A whistle-stop tour of the regulatory calendar
As financial institutions across the board gear up for 2016, the year ahead poses some notably regulatory challenges. Not least among these is the impending Market Abuse Regulation (MAR) from the European Commission; there will also be further progress on MiFID II.
On 3 July this year, an event will take place which will mark over a decade of dramatic change in the capital markets sector, while simultaneously setting the controls for the future. The European Union’s MAR will take effect. This regulation is the first major pan-European legislation on the subject for 13 years. In that time, electronic trading has completely transformed the way securities are traded. The rise of trading algorithms, alternative trading venues, new order types and new kinds of aggressive market participants and strategies has altered the balance and created new opportunities, some of which are open to exploitation by less scrupulous players in the market.
In response, the Commission seeks to increase market integrity and investor protection while ensuring a single rulebook and level playing field across the EU. It also aims to increase the attractiveness of securities markets for capital raising. According to the UK’s Financial Conduct Authority, “MAR will strengthen the existing UK market abuse framework by extending its scope to new markets, new platforms and new behaviours. It contains prohibitions for insider dealing and market manipulation, and provisions to prevent and detect these”.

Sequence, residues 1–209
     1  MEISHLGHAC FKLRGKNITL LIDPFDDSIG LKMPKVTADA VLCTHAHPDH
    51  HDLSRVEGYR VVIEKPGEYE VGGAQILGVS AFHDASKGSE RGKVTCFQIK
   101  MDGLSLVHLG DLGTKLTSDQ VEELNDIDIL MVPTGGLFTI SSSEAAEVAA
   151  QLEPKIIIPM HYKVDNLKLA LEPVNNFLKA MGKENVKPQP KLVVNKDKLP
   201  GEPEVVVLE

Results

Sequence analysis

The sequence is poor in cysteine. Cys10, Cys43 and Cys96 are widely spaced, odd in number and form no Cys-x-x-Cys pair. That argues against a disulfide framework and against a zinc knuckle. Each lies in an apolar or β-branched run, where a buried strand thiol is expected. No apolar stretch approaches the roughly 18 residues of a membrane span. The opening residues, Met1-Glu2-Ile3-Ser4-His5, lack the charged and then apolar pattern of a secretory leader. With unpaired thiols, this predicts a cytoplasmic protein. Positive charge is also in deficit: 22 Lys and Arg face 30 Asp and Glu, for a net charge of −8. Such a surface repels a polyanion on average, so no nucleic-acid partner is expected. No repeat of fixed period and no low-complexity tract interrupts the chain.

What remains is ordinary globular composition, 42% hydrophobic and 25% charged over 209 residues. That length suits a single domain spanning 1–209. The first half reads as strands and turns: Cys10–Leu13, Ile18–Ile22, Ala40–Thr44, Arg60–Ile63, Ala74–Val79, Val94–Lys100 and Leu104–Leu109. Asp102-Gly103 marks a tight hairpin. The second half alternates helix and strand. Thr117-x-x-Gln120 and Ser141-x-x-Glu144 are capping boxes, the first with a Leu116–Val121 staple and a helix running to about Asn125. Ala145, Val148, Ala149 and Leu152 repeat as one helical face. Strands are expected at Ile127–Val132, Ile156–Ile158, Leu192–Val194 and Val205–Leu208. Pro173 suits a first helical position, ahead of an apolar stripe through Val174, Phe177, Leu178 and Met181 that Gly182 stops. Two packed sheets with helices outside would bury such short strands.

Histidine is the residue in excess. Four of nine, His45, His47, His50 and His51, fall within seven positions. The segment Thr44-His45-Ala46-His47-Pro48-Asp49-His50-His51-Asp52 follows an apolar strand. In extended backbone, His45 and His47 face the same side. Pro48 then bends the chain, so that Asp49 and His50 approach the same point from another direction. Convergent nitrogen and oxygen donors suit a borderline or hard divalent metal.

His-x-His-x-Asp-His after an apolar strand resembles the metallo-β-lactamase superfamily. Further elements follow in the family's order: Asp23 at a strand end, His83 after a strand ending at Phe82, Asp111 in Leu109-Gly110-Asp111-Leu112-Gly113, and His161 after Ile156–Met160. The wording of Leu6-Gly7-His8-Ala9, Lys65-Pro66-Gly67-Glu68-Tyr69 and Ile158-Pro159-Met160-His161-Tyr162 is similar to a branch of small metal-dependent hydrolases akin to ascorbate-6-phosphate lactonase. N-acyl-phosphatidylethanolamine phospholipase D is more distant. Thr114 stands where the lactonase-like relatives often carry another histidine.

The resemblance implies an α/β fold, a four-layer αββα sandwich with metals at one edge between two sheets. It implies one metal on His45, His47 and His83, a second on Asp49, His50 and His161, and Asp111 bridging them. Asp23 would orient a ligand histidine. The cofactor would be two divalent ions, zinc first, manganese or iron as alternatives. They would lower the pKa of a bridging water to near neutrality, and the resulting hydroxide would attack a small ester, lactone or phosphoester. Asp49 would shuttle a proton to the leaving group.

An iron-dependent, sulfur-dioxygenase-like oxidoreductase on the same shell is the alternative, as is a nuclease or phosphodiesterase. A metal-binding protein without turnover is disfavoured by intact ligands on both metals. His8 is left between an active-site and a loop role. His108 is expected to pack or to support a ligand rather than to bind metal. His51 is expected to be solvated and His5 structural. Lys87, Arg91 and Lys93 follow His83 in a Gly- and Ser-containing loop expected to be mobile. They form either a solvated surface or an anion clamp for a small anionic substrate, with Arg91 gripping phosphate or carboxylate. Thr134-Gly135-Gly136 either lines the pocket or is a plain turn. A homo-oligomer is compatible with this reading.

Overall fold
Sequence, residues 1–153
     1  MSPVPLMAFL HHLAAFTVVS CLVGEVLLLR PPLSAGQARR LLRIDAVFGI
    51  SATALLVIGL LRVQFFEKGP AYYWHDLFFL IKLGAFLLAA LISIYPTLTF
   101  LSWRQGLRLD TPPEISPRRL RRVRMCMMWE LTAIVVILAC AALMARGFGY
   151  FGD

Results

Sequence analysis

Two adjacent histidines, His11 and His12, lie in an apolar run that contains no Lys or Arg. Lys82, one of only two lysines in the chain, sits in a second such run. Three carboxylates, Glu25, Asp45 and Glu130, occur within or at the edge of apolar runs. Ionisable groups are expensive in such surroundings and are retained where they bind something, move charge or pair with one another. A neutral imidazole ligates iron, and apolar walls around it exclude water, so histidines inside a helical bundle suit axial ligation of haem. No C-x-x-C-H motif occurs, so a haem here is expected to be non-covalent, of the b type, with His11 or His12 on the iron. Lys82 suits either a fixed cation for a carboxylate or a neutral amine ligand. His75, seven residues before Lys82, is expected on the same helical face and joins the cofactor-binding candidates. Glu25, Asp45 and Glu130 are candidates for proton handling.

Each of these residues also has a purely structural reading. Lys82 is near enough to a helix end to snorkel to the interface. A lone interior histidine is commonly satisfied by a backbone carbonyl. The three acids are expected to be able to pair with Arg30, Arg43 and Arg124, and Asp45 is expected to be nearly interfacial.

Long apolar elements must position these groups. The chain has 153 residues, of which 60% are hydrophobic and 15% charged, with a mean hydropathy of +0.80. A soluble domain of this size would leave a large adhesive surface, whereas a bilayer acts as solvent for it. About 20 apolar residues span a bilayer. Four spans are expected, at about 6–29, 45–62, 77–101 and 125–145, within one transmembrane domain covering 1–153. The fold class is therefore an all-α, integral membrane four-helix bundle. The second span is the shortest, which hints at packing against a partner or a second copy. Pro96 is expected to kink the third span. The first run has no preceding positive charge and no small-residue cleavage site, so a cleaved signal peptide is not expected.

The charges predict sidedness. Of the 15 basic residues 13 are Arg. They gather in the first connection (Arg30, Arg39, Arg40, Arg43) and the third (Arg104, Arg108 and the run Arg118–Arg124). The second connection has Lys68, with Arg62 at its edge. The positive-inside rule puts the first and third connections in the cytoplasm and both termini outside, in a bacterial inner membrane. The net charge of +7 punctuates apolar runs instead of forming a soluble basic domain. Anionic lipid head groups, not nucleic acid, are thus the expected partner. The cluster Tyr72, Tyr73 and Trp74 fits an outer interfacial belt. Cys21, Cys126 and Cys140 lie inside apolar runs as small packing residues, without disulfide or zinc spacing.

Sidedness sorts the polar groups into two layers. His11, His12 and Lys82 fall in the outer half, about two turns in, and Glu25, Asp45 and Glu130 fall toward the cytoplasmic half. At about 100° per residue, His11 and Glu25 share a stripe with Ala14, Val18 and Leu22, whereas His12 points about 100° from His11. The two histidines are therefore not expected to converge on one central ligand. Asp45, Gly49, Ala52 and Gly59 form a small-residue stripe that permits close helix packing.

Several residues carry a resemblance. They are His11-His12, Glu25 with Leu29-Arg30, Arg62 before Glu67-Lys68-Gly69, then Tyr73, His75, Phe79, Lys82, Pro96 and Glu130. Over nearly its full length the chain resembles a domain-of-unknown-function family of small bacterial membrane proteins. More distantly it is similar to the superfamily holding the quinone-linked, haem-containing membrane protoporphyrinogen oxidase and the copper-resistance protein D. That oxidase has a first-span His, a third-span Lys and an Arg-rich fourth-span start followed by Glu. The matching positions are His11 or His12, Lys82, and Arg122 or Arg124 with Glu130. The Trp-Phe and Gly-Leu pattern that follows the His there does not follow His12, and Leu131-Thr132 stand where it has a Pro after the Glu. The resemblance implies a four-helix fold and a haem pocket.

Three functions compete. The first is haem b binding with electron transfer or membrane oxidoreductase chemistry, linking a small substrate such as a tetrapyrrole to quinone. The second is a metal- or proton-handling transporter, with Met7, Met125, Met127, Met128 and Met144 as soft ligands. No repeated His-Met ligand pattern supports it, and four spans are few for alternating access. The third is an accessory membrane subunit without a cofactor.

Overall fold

The main elements of MAR concern insider dealing, unlawful disclosure of insider information and market manipulation. The rules cover exchanges, MTFs and OTFs as well as instruments traded OTC that have an impact on the securities traded on those kinds of venues.
Suspicious trading activity has also become harder to spot due to the fragmentation of markets since 2007. In particular, the rise of sophisticated market manipulation strategies poses a potential challenge to the fairness of the market. While trading venues are required to monitor activity and report anything suspicious, more advanced strategies can be designed to carry out activities across multiple venues. While none of their activity appears suspicious when looked at one venue at a time, cumulatively it can still be used to distort the market. As part of a drive to counter this possibility, the scope of the new regulation is broader.
For example, one of the big differences between MAR and earlier legislation is that it broadens the definition of market manipulation to include attempted manipulation. Benchmarks and spot commodities are also now in scope. Financial institutions are also now obliged to report suspicious orders as well as suspicious transactions…
This is an excerpt. The full article is available in the February 2016 edition of Banking Technology. Click here to read the magazine online.
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